A Note to Hospital and Health System CEOs and Boards
The Time to Seriously Reevaluate Your Organization’s Strategy is Now
In Part I of this series, I encouraged health care leaders and their boards to reevaluate their strategic plans in light of the impact of the pandemic as well as the changes in health care that we likely will face with the new normal. In Part II, let’s continue the exploration of what some of these new pressures will be.
As hospital leaders, facing the tremendous financial pressures that you have experienced with loss of revenues and services, you are likely focusing on increasing your revenues by restarting services, as well as cutting expenses since those lost revenues will take quite some time to recover. Guess what? Almost every company and individual you serve will be doing the same thing. While there are exceptions, most companies experienced a significant loss of revenue and will only slowly be able to regain their business. Individuals, too, have lost work and income and likely have incurred more debt. For those who regain work, their hours may be limited, their commissions may be a lot less, and they, too, are likely looking for cuts to their household expenses. It is not likely that most had met their deductible before the coronavirus shut things down. Meeting their deductible now may be a significant deterrent to them seeking any “elective” services anytime soon.
Given the financial realities we are facing, I would suggest that unlike the past, we cannot “make it up on volume.” We have to think differently. Companies and governments will all be looking for cost reductions and health care costs will be a line item with a target on its back. I would also caution health care organizations to no longer think of ourselves as immune from market forces. I would challenge you to think of one industry or one company that has been successful in the long-term by ignoring consumer’s complaints that their product or service is too expensive for substantial numbers of their customers.
I want to suggest that things are different. I want to point out that disruption was coming to health care and I want to make the argument that coronavirus will only accelerate that disruption. Let me explain.
First of all, let me remind you that disruption was already underway before the coronavirus outbreak. You likely haven’t considered that free standing imaging centers, ambulatory surgery centers, free-standing cardiac cath labs and physician-owned surgical hospitals have largely come about and expanded over the last three to four decades. Even more recent was the development of so-called “micro-hospitals.” Also, more recent, the development of telemedicine and telehealth services. Even more recently, mobile health care services to provide primary care or urgent care to people in their homes and also very recent, the design of hospital-at-home services. We can all think of additional examples of disrupters looking to break into the $3T health care industry to get their bite at this, but making services more convenient, more affordable, and a better experience.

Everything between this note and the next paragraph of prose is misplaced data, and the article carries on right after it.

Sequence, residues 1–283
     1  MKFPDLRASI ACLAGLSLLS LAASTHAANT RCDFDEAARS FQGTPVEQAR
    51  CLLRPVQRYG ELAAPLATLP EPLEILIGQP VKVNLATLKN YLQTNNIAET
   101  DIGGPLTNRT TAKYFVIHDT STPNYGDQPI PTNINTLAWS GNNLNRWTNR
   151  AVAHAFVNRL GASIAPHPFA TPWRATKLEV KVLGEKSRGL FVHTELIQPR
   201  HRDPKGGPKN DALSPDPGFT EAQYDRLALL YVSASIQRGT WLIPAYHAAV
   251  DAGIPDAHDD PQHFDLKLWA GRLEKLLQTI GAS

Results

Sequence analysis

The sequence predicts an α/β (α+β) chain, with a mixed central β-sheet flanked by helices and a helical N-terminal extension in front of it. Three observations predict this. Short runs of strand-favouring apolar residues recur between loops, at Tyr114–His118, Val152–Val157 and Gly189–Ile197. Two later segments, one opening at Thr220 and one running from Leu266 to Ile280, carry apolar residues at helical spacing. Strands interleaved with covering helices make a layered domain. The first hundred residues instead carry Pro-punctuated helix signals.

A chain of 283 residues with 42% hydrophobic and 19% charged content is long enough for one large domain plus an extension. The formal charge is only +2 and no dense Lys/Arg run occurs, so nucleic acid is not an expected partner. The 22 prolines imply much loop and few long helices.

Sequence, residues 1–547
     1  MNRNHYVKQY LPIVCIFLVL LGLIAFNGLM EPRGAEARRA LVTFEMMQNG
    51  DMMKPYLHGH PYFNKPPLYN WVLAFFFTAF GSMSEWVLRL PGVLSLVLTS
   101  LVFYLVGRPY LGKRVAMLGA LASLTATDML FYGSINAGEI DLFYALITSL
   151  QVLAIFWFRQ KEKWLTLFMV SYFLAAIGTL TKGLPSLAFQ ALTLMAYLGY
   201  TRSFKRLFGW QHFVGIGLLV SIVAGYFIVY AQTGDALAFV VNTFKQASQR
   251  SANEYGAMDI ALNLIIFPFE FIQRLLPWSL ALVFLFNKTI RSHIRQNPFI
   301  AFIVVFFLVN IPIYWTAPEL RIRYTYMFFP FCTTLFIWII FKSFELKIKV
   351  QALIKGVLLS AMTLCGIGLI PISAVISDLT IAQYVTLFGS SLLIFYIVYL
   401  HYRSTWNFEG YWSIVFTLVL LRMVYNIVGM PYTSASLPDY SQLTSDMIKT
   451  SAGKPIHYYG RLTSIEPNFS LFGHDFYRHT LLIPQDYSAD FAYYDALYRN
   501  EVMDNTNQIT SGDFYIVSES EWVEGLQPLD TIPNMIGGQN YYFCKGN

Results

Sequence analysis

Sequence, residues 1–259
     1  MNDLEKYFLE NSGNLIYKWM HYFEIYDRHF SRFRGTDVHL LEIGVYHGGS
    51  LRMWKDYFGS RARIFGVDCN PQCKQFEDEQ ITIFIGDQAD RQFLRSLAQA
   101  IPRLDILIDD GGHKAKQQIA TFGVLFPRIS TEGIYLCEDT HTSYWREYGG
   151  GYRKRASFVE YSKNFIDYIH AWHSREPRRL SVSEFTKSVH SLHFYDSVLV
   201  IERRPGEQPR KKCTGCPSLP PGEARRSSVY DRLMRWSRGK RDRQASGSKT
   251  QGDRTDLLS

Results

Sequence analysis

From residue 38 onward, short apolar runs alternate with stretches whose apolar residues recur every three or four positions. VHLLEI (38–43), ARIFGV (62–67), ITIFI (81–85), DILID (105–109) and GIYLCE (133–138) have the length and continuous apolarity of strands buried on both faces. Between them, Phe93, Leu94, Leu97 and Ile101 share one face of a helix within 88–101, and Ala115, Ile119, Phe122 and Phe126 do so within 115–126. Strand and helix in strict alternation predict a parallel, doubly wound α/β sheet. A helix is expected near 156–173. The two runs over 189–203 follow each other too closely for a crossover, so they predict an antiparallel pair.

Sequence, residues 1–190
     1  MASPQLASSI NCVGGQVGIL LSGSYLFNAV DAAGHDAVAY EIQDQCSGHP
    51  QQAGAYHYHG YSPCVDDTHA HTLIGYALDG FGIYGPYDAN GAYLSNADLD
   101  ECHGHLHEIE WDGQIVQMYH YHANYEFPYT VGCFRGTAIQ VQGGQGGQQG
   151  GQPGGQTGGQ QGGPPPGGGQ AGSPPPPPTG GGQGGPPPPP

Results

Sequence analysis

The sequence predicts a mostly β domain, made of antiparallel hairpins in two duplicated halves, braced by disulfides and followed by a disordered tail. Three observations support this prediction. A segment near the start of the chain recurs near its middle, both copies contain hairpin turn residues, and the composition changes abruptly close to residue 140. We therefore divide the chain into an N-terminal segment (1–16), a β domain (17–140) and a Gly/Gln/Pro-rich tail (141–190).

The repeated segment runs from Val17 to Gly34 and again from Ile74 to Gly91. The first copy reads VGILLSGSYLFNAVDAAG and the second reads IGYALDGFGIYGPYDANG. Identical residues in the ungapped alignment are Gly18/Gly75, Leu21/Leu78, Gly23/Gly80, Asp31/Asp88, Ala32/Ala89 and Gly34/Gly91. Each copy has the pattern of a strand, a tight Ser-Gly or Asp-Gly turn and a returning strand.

Okay, so no one is surprised by this. What is my point? My point is that coronavirus has just handed them a big helping hand. First of all, patients are already saying that they are going to put off all of those services that make hospitals money under fee for service. Surveys indicate that some will put those services off 3 months, some 6 months and some a year. Oh, and what do you think happens if we do have another bigger, deadlier second wave this fall? You would be foolish to think that patients are not going to consider the appeal of these non-hospital settings to receive care as opposed to hospitals where they take care of patients with COVID, even though their concerns may be unfounded.
Second, given at least an economic recession and possibly a depression, the financial pressures on people and the companies or local governments they work for are going to be immense. The appeal of benefit design to drive employees to lower cost settings will be significant.
Further, coronavirus did a lot to force some people to try out telehealth services who before would not have considered them or preferred an in-office visit. From the surveys I have seen, it appears that many who tried it liked it and may enjoy the convenience of it in the future. If hospitals and health systems don’t make this offering available, there are plenty of telehealth companies who will step in to provide it.
Now, I’ll explore this more in Part III, but let’s consider this. The bond market and the stock market are likely not going to be great investment vehicles for the short-term. There will be a lot of private equity and venture capital looking for places to safely and profitably invest their money. It would be a serious misstep for us not to assume a lot of it will go into health care. This, coupled with physicians who have had their businesses turned upside down, probably for the first time in their careers, will be willing partners to create new opportunities for financial returns that can take advantage of the new market realities.
It is not my intention to only identify the problems facing health systems. I will talk about solutions, but first, it is important to finish exploring these challenges because change is hard, and few are willing to make sufficient changes until forced to do so. I want to make the case that while people naturally tend to believe making changes are risky; I want to make the argument that not making change is riskier.
In Part III, let’s discuss physician challenges and opportunities.